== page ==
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Johnson v. G.E.O.

United States District Court, S.D. Indiana, Indianapolis Division

March 27, 2018

JAMES J. JOHNSON, Plaintiff,
G.E.O. and R. Prus, Defendants.



         This matter is before the Court on Defendants G.E.O and R. Prus' (collectively referred to as “the Defendants”) Motion for Summary Judgment. Also before the Court is Plaintiff James Johnson's (“Johnson”), cross Motion for Summary Judgment and a Motion to Freeze R. Prus Estate, dkt. [69]. Johnson, an inmate at the New Castle Correctional Facility (“NCCF”), filed this action pursuant to 42 U.S.C. § 1983, alleging that his rights were violated when he was touched inappropriately during a search and that he was retaliated against when he complained about these actions. For the following reasons, the Defendants' motion for summary judgment, dkt. [63], is granted in part and denied in part and Johnson's motion for summary judgment, dkt. [68], is denied.

         I. Standard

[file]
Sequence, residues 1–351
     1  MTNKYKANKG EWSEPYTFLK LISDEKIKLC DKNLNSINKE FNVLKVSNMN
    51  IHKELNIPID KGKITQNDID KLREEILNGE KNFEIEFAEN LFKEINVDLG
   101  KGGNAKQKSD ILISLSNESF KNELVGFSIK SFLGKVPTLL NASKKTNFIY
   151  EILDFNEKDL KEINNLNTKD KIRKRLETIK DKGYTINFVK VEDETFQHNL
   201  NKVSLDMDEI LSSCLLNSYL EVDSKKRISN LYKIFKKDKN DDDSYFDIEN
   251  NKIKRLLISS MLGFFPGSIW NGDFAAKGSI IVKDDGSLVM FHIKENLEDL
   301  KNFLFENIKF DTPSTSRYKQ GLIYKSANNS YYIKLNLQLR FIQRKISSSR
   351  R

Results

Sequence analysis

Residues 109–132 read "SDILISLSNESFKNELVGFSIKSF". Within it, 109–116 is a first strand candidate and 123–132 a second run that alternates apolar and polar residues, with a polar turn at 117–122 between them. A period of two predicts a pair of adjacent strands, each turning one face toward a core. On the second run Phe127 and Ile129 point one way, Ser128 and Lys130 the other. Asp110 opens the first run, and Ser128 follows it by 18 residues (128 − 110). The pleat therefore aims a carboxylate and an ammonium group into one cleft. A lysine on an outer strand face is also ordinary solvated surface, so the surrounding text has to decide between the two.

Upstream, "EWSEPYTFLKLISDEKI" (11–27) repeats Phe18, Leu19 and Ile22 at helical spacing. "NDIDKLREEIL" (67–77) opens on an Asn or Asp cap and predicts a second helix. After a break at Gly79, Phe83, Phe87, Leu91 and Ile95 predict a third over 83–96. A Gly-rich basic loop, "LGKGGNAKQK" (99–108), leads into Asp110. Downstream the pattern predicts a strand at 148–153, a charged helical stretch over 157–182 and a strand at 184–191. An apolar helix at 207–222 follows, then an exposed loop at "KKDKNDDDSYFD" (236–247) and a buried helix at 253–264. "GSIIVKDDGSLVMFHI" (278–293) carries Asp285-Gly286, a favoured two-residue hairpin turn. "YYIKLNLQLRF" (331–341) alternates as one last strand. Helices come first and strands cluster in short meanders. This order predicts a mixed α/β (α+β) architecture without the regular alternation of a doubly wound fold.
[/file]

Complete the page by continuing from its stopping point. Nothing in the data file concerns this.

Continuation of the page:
Federal Rule of Civil Procedure 56 provides that summary judgment should be granted when the evidence shows that “there is no genuine dispute as to any material fact and the movant is entitled to judgment as a matter of law.” Fed.R.Civ.P. 56(a); Celotex Corp. v. Catrett, 477 U.S. 317, 322-323 (1986). The purpose of summary judgment is to “pierce the pleadings and to assess the proof in order to see whether there is a genuine need for trial.” Matsushita Elec. Indus. Co., Ltd. v. Zenith Radio Corp., 475 U.S. 574, 587 (1986). Disputes concerning material facts are genuine where the evidence is such that a reasonable jury could return a verdict for the nonmoving party. Anderson v. Liberty Lobby, Inc., 477 U.S. 242, 248 (1986). In deciding whether genuine issues of material fact exist, the court construes all facts in a light most favorable to the nonmoving party and draws all reasonable inferences in favor of the nonmoving party. See Id. at 255. However, neither the “mere existence of some alleged factual dispute between the parties, ” id., 477 U.S. at 247, nor the existence of “some metaphysical doubt as to the material facts, ” Matsushita, 475 U.S. at 586, will defeat a motion for summary judgment. Michas v. Health Cost Controls of Ill., Inc., 209 F.3d 687, 692 (7th Cir. 2000).